It is 1788, and twelve-year-old Cornelia [Nellie] Welche’s lives in her comfortable home in Soho, where her father is a high-ranking steward in the household of Prinnie, Prince of Wales. Nellie is mourning the loss of her elder sister, Eliza,manifested in her overeating her father’s cakes. The fact that Nellie she also suffers from a disfiguring birthmark does not help her appearance, attracting both sympathy and derision.
Her world changes forever when her father puts her forward as a possible companion to the Princess Sophia, the nine-year-old daughter of George III and his wife, Queen Charlotte.
Nellie quickly discovers that not all princesses live in the lap of luxury, nor are their whims always catered to. That being Royal is a euphemism for a unique kind of neglect where boredom and lack of the best food or even winter fuel is a common occurrence. Nellie is not impressed – and is not backward in saying so. She also develops a charming affection for the unfortunate King George, who suffers episodes of the illness that would label him 'Mad'.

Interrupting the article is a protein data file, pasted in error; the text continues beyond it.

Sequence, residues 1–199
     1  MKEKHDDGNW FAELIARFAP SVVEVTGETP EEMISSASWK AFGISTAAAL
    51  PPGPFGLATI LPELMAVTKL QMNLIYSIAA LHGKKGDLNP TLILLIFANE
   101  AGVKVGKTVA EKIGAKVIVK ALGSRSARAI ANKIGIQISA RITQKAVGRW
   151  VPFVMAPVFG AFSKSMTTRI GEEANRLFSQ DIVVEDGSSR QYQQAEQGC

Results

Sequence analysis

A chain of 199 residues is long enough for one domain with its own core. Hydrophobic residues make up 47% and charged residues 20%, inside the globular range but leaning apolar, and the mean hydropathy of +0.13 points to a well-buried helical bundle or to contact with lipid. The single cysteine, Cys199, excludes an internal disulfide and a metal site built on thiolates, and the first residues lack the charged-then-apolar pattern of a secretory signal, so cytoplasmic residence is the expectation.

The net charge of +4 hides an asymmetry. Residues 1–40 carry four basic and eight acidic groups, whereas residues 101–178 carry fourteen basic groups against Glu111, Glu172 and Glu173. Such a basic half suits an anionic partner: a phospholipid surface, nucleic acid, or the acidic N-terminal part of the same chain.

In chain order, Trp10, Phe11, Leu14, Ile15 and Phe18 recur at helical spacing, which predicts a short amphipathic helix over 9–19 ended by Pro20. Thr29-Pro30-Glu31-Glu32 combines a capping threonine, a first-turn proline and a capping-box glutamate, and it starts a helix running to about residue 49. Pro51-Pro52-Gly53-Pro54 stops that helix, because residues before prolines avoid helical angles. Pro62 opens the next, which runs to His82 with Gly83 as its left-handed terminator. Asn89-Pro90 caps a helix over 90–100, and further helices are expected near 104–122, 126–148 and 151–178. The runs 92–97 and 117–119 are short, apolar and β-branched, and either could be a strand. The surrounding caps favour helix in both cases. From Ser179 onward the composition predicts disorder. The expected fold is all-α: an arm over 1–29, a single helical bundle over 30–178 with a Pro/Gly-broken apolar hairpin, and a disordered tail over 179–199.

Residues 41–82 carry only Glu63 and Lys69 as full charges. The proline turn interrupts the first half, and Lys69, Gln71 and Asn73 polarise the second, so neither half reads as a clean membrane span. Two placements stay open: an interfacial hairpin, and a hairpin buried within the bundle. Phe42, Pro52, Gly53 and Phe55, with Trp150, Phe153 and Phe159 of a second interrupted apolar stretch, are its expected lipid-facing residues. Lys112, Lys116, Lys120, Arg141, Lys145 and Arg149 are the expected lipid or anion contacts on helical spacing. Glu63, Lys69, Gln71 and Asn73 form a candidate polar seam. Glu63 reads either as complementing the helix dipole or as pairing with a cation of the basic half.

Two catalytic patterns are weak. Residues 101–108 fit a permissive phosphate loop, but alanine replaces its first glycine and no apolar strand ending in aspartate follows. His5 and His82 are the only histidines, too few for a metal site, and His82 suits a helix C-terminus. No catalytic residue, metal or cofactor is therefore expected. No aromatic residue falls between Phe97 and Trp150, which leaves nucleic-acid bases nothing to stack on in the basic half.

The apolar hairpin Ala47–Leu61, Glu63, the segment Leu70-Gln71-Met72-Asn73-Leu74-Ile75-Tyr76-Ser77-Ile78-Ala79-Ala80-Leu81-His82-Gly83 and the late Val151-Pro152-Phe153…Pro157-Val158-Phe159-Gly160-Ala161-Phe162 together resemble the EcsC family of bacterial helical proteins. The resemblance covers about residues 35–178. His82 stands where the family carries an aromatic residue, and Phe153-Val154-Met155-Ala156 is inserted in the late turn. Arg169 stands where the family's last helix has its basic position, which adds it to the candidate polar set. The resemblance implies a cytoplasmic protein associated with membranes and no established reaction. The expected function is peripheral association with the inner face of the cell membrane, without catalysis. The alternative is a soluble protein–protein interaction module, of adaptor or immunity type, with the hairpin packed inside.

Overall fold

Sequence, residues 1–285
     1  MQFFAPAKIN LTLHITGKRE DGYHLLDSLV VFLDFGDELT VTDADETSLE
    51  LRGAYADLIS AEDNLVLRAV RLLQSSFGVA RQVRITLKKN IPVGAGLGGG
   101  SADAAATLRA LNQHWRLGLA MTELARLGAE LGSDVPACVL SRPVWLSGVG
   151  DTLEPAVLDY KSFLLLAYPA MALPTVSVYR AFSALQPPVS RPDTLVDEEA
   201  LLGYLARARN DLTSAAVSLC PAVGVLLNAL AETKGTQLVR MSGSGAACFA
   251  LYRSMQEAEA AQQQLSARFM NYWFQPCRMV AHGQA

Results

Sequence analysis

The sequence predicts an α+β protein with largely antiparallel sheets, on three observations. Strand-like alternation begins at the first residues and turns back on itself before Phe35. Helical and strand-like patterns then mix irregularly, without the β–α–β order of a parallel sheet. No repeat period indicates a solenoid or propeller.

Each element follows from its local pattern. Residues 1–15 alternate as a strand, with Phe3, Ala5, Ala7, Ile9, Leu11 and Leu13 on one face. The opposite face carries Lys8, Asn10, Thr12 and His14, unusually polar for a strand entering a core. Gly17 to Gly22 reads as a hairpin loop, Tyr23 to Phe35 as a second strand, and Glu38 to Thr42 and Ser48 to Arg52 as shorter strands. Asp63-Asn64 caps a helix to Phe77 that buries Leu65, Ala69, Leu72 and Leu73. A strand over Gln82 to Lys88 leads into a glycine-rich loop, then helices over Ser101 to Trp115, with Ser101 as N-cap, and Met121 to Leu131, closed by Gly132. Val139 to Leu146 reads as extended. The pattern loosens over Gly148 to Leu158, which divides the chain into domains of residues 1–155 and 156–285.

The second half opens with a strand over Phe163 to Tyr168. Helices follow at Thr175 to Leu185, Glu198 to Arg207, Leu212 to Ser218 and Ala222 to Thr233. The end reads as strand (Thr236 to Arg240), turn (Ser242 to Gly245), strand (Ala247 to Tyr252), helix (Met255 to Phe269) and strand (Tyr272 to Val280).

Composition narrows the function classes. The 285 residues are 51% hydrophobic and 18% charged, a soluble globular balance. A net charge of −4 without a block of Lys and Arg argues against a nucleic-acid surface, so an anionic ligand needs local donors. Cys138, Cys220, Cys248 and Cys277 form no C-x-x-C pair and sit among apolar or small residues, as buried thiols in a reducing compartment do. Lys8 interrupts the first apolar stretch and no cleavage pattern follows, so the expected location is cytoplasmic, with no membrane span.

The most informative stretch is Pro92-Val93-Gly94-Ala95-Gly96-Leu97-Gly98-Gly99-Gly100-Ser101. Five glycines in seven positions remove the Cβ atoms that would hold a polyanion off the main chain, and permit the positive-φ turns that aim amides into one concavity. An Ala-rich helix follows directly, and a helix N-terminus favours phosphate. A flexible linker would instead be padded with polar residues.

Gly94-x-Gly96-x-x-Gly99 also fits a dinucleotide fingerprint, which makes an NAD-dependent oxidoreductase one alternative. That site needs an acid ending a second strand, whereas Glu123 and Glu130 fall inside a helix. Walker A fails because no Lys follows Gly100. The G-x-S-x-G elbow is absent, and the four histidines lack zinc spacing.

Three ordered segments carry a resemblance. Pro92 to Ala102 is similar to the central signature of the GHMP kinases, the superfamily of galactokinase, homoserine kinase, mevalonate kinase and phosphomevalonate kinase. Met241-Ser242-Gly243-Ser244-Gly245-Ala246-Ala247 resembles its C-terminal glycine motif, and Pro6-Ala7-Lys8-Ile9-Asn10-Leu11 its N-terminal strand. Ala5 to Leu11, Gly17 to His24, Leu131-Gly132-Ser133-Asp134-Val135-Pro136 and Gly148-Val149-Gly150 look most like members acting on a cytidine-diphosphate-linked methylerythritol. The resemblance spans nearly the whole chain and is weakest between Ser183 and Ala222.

The friendship of the lonely princess, runs from the first rumblings of revolution in France to the innovation of gas light and steam trains, from poor mad George to safe and steady Victoria, Nellie is the sharp-penned narrator of a changing world and the unchanging, cloistered lives of Princess ‘Sofy’ and her sisters.
Nellie is pragmatic about life and people, possibly because she cannot get by on her looks, and she has a sharp wit and a clever way with words which makes this story an entertaining read.